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The Central African Republic is at the mercy of looters and mercenaries

"The Church has done a great deal and continues to play her role as prophet and mediator."

AID TO THE CHURCH IN NEEDGÉRARD OUAMBOU is a journalist and cameraman from Bangui, the capital of the Central African Republic. At the end of December 2020, as part of a project sponsored by ACN Aid to the Church in Need (ACN), he travelled to Bangassou to talk to priests and women religious there who are caring for the victims of terror. He had also hoped to report on the initiatives pioneered by the Diocese of Bangassou to consolidate the peace that was beginning to return to the region. However, things turned out very differently. In an interview with ACN he talks about the situation in the country and the reasons underlying the ongoing conflict.

You were in Bangassou over the Christmas period. What was the situation like?
Already, as I arrived at the airport in Bangassou, I noticed how many employees of NGOs were leaving the city, on the pretext of taking their end of year vacation. By the time I got there, rumors were already circulating of a possible attack on the town of Bangassou itself.

What was the mood among the people?
On Christmas Day itself, after Mass, some people were beginning to flee in the direction of the Democratic Republic of the Congo, to a town by the name of Ndou, not far from Bangassou. Other people were seeking refuge at the military base of the UN MINUSCA (Multidimensional Integrated Stabilization Mission in the Central African Republic) forces, located a couple of miles outside the town, while yet another group of people chose to flee into the bush to take shelter from the impending attack. Meanwhile, all the traders in the central market shut their businesses and stored away all their goods. All flights were cancelled.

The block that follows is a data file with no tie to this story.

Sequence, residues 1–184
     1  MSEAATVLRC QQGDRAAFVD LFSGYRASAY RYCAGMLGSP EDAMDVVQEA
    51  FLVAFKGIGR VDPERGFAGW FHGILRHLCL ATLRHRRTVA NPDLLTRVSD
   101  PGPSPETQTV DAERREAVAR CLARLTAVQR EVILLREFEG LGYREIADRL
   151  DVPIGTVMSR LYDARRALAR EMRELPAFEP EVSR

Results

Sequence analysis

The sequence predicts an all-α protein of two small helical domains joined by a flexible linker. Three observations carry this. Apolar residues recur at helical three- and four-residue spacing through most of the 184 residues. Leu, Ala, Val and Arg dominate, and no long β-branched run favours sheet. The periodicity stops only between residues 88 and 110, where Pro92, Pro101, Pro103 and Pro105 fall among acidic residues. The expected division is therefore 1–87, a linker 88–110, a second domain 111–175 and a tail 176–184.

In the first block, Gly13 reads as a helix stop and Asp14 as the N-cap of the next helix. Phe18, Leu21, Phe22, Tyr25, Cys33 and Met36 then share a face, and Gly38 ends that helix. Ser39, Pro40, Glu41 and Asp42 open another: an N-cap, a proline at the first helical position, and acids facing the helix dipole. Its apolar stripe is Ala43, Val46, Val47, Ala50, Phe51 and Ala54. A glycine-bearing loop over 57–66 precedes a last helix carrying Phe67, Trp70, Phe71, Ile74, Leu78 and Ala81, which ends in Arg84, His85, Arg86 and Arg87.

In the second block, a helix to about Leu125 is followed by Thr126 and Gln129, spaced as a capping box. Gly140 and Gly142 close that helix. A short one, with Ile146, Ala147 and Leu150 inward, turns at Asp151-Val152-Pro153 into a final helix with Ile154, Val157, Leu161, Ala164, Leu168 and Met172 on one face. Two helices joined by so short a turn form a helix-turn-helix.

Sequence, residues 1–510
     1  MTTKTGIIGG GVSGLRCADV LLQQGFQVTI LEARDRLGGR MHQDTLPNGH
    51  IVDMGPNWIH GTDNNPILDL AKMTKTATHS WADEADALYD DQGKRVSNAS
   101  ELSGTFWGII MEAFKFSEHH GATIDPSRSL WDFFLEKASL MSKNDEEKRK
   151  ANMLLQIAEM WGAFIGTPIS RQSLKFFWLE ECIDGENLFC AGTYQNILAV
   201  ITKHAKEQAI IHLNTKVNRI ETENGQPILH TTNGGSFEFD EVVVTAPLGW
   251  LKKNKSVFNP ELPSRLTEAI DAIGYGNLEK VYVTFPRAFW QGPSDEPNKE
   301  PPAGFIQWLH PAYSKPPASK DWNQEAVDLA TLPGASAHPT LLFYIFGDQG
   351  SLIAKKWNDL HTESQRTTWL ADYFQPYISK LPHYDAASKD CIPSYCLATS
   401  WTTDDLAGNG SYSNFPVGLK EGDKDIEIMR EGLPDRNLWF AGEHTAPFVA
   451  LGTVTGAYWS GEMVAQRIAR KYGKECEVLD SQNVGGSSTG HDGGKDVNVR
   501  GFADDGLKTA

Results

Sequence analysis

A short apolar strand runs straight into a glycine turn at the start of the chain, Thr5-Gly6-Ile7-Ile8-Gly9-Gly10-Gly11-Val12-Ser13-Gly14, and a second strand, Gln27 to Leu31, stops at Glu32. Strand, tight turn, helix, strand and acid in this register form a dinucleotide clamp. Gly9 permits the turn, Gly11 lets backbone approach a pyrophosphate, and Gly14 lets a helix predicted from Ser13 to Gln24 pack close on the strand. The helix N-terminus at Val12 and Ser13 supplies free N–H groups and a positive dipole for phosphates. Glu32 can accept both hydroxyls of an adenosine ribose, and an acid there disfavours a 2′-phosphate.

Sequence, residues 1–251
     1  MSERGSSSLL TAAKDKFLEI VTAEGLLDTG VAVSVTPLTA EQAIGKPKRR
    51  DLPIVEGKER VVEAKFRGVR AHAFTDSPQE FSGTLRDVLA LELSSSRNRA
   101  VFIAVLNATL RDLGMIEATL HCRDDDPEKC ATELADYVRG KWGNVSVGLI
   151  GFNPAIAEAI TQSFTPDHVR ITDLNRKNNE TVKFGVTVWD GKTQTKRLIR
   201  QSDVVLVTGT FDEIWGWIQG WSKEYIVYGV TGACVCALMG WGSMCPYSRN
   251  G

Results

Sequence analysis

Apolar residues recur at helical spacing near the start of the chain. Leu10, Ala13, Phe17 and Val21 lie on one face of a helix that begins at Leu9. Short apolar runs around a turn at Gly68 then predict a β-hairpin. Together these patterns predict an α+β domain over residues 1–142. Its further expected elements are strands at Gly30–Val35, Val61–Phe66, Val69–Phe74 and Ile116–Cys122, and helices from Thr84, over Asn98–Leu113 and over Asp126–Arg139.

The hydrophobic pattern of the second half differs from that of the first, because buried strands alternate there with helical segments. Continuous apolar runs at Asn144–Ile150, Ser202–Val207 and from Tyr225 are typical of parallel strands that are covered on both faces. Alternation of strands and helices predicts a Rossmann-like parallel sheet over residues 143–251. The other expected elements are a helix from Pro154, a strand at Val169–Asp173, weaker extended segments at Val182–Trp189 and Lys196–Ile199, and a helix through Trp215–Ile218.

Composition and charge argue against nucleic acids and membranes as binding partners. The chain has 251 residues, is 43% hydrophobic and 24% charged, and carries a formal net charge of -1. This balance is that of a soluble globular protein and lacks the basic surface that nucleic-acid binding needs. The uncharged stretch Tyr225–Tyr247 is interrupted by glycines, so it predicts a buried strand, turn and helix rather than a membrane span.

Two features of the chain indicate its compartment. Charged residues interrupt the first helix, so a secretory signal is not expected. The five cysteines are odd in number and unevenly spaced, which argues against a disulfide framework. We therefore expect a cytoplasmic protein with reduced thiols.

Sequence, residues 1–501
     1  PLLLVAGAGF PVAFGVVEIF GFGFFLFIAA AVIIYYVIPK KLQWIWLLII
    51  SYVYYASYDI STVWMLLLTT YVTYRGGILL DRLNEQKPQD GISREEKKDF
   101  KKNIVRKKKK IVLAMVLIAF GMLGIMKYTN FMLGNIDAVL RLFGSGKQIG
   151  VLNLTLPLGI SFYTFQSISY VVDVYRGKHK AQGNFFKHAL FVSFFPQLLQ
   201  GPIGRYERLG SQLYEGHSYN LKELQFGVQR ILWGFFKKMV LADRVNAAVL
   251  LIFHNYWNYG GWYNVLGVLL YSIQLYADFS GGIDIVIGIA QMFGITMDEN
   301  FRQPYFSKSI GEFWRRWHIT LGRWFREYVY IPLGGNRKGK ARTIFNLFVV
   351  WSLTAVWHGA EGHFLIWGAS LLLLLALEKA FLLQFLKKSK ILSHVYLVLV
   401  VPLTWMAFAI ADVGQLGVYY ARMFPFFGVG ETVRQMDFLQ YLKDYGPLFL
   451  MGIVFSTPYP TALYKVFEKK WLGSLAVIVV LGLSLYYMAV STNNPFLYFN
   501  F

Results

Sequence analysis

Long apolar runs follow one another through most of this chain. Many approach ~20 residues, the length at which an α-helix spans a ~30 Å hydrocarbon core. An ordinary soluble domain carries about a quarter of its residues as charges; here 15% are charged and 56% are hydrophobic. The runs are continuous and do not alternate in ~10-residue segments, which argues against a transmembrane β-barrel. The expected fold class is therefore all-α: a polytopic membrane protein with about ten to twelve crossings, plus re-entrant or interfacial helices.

What struck you most forcibly?
When I arrived at the base of the MINUSCA forces I was astonished to find all the political and administrative authorities of the town holed up there in safety, along with the defense and security forces and the men of the Central African Armed Forces (FACA), who were supposed to be defending the population. Despite warnings from Bangui, the senior leadership had turned a deaf ear. A few days after I had left Bangassou, the town was finally captured by the rebels. Ten days later Rwandan soldiers reached the town, and there were further clashes.

What is the situation like generally in the country? The situation remains tense. The rebels are part of the so-called “guerrilla” groups and are present throughout almost the whole of the country. I live with my family in the capital Bangui. A few days ago, they even encircled this city. There were secret agents everywhere, in the various quarters of the town, and there have been numerous abductions and settling of scores with supporters of the former president François Bozizé and his political party, the KNK. All in all, the situation in the Central African Republic is very worrying. If nothing is done about it we risk another coup. Among other things, it would be important to engage in dialogue, but the government will not hear of it.

Some of the media are reporting that two-thirds of the country is already in rebel hands. Is that correct?
I don‘t know on what basis these calculations have been made. I would say that 95% of the Central African Republic is in their hands.

It seemed at one time as though, after almost seven years of violence (from 2013 to 2019), some kind of peace had begun to return to the country. Is that true?
In Bangui life had returned to normal, but not in the Central African Republic as a whole. In the interior the torment has been continuing for many years, with armed groups exploiting and oppressing the ordinary peaceful population. In some towns illegal roadblocks had been set up. But yes, during 2020 a semblance of peace had returned to the country.